In 1812 Canada wasn’t a country yet, but it was still part of the British Colonies. We, in fact, did not become a nation until 1867. So where Donald Trump got his facts about us Canucks “burning down the house” in Washington during 1814 I will never know.
The wife of then President James Madison, Dorothea “Dolley” Dandridge Payne Todd Madison, set high Washington entertaining standards during her reign. Dolley was initially a hostess for President Thomas Jefferson, who was a widower, and then as first lady during the presidency of her husband from 1809 to 1817. As the leader of the Washington social scene she presided over the country’s first inaugural ball and never forgot a name or a person’s face, nor any of the British that night in 1814.
She was a spunky woman who was known for her charm and grace, and Dolley not only served a wondrous meal that fateful evening, but also saved the famous Gilbert Stuart portrait of George Washington from the White House fire. What’s more, in the expectation that the US army would beat the British, the American President and his wife had ordered a tremendous celebratory meal prepared for 40 guests.
Madison might have been president, but he was no great war leader. He chose two hopeless misfits to manage the country’s defence. His War Secretary, John Armstrong, arrogantly refused to take any serious measures to meet the British invasion. Now that was a “Dolly Madison Zingers” box of wrong!
When the British invaders in their blood-stained uniforms burst into the White House, they found the table elegantly laid for dinner, meat roasting on spits and the President’s best wine on the sideboard.
The menu for Dolley’s guests that night included: hors d’oeuvres of Fish Croquettes, and Stuffed Mushrooms. Then there was fresh roasted meat of “ox or heifer” with a Crab Sauce Demi-glaze, White fish and Black Bass, Potato Ragout and a Vegetable Medley served with bread made from Canadian flour. Yes, Canadian flour. The evening’s dessert was to be a surprise. I bet they had no idea that a “flambe of sorts” was to be on the menu.
The British were said to be delighted and tucked into the meal as soon as they charged into the White House. One young officer said of the President’s Madeira wine: ‘Never was nectar more grateful to the palates of the gods’. Afterwards he scampered up to the President’s bedroom and swapped his sweaty tunic for a freshly-ironed presidential shirt.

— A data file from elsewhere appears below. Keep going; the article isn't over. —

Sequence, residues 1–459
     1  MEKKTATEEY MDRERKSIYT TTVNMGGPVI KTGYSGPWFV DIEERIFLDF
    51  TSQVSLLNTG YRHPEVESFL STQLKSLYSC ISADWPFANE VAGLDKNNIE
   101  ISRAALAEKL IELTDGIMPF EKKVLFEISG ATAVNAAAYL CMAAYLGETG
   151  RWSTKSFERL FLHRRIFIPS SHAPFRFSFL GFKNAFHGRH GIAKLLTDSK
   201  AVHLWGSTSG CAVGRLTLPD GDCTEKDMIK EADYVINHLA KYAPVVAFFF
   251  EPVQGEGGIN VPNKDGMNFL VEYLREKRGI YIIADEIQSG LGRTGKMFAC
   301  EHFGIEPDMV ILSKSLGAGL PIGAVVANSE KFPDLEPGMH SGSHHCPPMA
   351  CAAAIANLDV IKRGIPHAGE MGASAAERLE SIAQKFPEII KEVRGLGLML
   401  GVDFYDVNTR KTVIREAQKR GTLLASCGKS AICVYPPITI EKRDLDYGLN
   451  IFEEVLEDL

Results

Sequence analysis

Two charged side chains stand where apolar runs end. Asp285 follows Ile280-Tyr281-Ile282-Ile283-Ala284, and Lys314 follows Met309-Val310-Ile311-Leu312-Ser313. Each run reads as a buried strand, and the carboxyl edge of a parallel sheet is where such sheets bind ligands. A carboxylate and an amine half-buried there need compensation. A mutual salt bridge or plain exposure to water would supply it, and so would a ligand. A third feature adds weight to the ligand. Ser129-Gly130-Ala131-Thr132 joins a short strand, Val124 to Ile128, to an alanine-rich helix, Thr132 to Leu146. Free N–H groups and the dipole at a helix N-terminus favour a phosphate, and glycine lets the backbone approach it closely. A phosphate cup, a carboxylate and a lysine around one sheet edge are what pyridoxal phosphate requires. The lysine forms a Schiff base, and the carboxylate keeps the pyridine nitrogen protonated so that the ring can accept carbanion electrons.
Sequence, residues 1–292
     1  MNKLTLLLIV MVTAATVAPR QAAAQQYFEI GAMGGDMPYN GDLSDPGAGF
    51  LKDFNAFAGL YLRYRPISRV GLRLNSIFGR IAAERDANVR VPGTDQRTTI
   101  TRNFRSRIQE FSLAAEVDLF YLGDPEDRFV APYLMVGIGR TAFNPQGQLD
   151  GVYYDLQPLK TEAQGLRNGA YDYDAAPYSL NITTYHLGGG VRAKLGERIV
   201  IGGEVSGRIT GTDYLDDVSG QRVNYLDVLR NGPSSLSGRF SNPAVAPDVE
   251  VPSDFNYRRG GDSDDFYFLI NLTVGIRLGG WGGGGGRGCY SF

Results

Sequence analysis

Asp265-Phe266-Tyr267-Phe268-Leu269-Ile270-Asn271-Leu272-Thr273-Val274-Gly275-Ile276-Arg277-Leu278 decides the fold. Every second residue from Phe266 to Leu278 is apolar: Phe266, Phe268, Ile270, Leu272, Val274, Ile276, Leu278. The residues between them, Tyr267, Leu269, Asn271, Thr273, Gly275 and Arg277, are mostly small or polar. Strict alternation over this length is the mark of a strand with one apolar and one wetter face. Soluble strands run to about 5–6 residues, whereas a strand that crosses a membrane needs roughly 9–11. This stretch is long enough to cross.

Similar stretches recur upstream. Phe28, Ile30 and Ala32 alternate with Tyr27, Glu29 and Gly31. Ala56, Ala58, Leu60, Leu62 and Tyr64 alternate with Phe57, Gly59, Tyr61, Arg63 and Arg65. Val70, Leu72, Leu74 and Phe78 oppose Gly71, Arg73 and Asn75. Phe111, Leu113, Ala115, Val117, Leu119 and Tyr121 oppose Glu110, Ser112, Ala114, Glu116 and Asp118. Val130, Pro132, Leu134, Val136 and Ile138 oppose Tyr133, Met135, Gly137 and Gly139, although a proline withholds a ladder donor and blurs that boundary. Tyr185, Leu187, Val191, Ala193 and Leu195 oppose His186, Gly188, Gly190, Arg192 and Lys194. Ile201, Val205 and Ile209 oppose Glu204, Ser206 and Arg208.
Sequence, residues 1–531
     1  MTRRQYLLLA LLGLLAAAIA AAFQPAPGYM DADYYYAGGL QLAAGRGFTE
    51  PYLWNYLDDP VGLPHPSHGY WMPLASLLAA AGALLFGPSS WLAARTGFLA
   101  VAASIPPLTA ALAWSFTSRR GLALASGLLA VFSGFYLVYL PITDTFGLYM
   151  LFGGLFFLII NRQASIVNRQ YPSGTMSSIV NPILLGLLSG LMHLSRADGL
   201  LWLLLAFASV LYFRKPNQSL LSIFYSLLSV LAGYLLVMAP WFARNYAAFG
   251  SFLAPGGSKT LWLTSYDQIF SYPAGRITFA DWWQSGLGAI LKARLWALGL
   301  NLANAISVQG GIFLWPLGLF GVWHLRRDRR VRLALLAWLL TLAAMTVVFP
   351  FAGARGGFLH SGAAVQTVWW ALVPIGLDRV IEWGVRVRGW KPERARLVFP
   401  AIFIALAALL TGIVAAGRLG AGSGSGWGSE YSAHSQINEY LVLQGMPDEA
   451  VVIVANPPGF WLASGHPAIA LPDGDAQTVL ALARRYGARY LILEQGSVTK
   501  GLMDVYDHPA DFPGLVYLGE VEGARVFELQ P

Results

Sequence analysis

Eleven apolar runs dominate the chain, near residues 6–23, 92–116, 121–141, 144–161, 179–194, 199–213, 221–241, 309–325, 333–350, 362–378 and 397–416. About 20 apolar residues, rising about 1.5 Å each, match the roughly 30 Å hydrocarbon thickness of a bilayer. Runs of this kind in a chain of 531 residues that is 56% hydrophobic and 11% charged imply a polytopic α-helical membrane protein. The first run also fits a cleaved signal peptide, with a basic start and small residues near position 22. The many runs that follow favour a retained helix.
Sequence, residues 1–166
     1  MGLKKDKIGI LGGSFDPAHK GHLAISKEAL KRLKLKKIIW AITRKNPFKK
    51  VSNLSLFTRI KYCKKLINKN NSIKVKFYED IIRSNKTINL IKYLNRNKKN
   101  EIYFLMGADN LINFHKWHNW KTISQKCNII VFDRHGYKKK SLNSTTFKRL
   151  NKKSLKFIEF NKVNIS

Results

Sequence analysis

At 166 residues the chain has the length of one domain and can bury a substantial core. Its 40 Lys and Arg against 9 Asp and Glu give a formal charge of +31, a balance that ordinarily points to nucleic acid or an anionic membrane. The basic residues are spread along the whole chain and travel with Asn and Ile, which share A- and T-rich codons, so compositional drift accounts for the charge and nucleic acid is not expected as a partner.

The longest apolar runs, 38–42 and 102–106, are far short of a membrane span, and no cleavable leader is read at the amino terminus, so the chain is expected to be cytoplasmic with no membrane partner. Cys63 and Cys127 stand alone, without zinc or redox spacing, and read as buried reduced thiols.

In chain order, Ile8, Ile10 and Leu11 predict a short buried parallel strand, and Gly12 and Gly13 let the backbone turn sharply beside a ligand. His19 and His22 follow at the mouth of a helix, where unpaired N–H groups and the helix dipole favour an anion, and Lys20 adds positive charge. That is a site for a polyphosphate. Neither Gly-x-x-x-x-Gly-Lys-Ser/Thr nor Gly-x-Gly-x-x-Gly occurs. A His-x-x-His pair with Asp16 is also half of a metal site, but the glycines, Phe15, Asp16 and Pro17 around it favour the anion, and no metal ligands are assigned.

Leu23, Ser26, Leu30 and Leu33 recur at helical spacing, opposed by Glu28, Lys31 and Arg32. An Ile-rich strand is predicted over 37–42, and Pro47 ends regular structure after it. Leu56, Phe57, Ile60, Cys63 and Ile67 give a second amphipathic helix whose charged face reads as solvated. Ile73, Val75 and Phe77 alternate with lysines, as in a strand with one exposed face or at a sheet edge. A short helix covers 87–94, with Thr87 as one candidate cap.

Meanwhile back in the dining room, one of his comrades bundled up the White House silver cutlery in a tablecloth. The British commander then calmly told his men to pile the chairs on to the tables and torch the place!
Before the night was done the British had also burned both houses of Congress, the War Office, the State Department and the Treasury. It is the only time in U.S. history that outsiders have raided the capital and the war with America went on for only four more months with no real gains for either side– but the meal consumed by the British that night at the White House was talked about for months.
The fire caused by the British in 1814 was not the only fire that damaged the White House. In 1929 in the attic of the Executive Office wing had extensive fire damage, requiring President Hoover to vacate the office while repairs were made.
Thank you– that is all. As they say in South Park– go ahead– Blame Canada!
Anyways I heard it was Russia! LOL
AJ CalhounHistorical note re: the 1812 invasion: The tiny town of Brookeville, MD, has the distinction of having served as the nation’s capital for at least a night when everybody got the hell out of dodge and the fire department failed to respond in DC. (there wasn’t one yet). Brookeville is also notable for being located at a dangerous dogleg in Rte. 97 heading toward Sunshine, MD, so if one is sightseeing and fails to negotiate the turn and survives, there is a little bit to see (and of course antiques, antiques!). The British had no idea where Brookeville was, and if they had they would have run into Mr. Brooke’s house anyway. The Brookes and the Lees intermarried later, before the next uproar. They built a country club, too. So there’s that.